Jonathan W. Marshall
West Australian Academy of Performing Arts, Edith Cowan University, Perth
On Not Leaving the Stanislavskian Stage: A Descriptive Survey Of Opinions Regarding the Stanislavskian Heritage in Australasia
On 8-10 April 2021, WAAPA will host (in association with The S Word) the annual S-Word symposium (https://www.facebook.com/The-S-Word-2021-Stanislavski-and-Translation-108533854068989/). I have therefore conducted a survey the opinions of Australasian pedagogues and artists regarding Stanislavski’s approach today. I was particularly interested in stories, opinions, tales; about what we might want to remember with regards to, for example, the epic battles between followers of Lukacs’ model of social realism versus local avant-gardists, between Stanislavskian Naturalists versus the Australian New Wave, all of which must be set against the vast array of alternative acting approaches which face artists today. I sought from my subjects thick description and illuminating anecdote, rather than objectively mapping teaching in the region (see Ian Maxwell, Peta Tait, Melanie Beddie and others for analyses which include such mapping). In the today’s world of not just the postmodern but the postdramatic, many of us have yet to leave Stanislavski behind and (albeit often grudgingly) still place him close to the heart of any definition of acting. Like Vladimir and Estragon, whilst many of us planned to take our leave of Stanislavski’s stage, we have yet to do so.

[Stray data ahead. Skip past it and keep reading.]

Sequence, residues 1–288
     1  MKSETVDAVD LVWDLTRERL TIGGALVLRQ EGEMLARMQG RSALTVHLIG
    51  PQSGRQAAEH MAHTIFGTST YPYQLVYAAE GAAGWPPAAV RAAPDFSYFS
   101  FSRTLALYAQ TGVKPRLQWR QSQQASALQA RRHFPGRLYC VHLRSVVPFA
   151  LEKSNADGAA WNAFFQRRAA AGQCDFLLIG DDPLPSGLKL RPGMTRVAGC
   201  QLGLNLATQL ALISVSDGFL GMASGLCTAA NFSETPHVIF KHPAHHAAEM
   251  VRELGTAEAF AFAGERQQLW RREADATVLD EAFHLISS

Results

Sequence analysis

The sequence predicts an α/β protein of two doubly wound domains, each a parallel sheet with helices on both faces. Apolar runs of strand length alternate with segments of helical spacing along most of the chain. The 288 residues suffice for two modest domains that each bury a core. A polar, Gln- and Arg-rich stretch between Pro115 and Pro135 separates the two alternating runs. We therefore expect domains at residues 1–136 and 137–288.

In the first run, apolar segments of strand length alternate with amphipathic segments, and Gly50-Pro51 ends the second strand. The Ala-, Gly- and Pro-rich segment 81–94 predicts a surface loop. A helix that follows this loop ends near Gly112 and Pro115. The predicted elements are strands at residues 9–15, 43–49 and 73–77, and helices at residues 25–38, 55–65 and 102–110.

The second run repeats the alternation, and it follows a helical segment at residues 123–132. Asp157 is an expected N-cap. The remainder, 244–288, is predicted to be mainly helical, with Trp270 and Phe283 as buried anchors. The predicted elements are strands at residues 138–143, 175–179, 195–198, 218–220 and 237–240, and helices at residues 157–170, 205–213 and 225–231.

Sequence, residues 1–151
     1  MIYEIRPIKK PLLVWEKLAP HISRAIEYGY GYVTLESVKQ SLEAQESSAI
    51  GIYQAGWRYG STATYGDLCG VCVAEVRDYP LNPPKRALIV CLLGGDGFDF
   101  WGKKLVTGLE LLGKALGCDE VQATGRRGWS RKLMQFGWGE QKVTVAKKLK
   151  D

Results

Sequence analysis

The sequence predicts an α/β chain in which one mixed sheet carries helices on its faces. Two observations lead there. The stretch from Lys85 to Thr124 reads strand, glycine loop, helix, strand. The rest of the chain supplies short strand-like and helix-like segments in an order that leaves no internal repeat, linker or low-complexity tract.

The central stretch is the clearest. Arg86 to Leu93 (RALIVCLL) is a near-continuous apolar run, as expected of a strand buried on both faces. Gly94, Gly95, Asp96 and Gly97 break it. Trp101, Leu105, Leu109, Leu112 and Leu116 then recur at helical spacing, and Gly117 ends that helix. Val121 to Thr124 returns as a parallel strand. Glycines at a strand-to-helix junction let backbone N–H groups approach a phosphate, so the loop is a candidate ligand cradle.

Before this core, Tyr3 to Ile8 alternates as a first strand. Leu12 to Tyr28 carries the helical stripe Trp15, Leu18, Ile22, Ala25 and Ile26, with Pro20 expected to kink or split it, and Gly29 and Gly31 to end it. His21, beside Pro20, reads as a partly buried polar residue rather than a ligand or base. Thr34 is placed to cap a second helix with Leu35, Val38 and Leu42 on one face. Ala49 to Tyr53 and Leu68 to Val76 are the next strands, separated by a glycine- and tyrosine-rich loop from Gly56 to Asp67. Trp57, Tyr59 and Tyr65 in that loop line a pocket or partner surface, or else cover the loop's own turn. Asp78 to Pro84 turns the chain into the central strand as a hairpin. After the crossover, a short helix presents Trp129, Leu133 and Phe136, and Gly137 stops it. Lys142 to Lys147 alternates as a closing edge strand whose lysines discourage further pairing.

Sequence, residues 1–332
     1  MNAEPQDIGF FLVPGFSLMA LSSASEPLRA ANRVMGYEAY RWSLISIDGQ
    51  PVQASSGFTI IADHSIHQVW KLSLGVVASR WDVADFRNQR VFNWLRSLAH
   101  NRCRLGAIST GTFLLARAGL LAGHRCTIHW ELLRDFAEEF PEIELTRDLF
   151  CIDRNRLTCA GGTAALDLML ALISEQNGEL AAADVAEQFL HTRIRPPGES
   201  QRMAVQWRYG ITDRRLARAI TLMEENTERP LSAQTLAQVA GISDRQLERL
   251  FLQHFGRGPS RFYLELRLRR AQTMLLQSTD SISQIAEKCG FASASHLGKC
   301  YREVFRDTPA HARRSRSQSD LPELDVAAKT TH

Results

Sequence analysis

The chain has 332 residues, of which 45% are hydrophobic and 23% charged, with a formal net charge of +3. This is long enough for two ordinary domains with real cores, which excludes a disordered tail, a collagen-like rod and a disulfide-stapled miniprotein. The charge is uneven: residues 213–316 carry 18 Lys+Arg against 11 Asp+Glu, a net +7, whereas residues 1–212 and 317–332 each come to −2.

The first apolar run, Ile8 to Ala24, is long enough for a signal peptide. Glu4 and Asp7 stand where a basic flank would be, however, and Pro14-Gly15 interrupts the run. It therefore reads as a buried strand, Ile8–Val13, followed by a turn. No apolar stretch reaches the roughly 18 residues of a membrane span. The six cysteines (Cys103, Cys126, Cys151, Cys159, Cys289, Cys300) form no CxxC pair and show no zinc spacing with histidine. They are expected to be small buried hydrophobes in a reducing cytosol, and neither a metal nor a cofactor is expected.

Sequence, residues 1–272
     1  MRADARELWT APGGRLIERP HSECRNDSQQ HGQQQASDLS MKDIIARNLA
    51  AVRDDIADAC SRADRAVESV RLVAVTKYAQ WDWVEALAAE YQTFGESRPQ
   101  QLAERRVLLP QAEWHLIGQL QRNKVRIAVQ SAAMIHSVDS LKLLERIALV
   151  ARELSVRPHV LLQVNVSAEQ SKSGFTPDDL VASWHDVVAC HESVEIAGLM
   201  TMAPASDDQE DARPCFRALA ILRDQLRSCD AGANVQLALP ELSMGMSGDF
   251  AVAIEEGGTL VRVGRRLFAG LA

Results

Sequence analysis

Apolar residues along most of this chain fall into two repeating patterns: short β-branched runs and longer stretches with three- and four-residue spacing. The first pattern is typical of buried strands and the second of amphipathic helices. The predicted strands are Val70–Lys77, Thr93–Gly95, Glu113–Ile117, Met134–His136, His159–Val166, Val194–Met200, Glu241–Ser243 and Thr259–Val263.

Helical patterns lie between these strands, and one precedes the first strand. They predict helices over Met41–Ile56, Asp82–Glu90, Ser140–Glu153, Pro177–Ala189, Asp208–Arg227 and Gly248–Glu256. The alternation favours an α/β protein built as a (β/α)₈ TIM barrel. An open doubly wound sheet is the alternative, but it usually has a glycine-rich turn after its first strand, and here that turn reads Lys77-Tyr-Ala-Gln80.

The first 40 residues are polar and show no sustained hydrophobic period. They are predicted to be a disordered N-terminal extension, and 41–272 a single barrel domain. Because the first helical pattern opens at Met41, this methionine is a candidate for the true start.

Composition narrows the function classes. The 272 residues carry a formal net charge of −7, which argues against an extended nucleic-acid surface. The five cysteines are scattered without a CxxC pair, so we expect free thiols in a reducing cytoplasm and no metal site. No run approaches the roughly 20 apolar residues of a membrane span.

The responses I received to my inquiries were generous, informative, and often funny. I heard about classes in which adults rolled on the ground pretending to be oranges (surely all of us in theatre once wanted to act a tree?), about visits to Russia where “What stayed with me was … the prick of doubt that what I had been taught at … our national drama school was … compromised by a Cold War sleight-of-hand.” I heard of teachers who insisted Stanislavski’s “objectives” apply to performance art as well as drama, and that the influence of German theatre and Ostermeir’s version of realism is causing a revival of in (post-)Stanislavskian Naturalism. In this presentation I will offer some initial propositions as to what might be gleaned from this, and share some historical anecdotes and personal observations.
Dr Jonathan W. Marshall is an interdisciplinary scholar with a background in history. Marshall’s 2016 monograph “Performing Neurology: The Dramaturgy of Dr Jean-Martin Charcot” examines the theatrical qualities and associations of the sometime visitor to Russia and contemporary of Stanislavski, the French neurologist Charcot (who worked with Ribot and others on reflex, emotions, etc). Marshall has written extensively on butoh dance, nervous performance, photomedia, landscape performance, and other topics. Marshall is based at the West Australian Academy of Performing Arts, Edith Cowan University, Perth. See https://edithcowan.academia.edu/JonathanWMarshall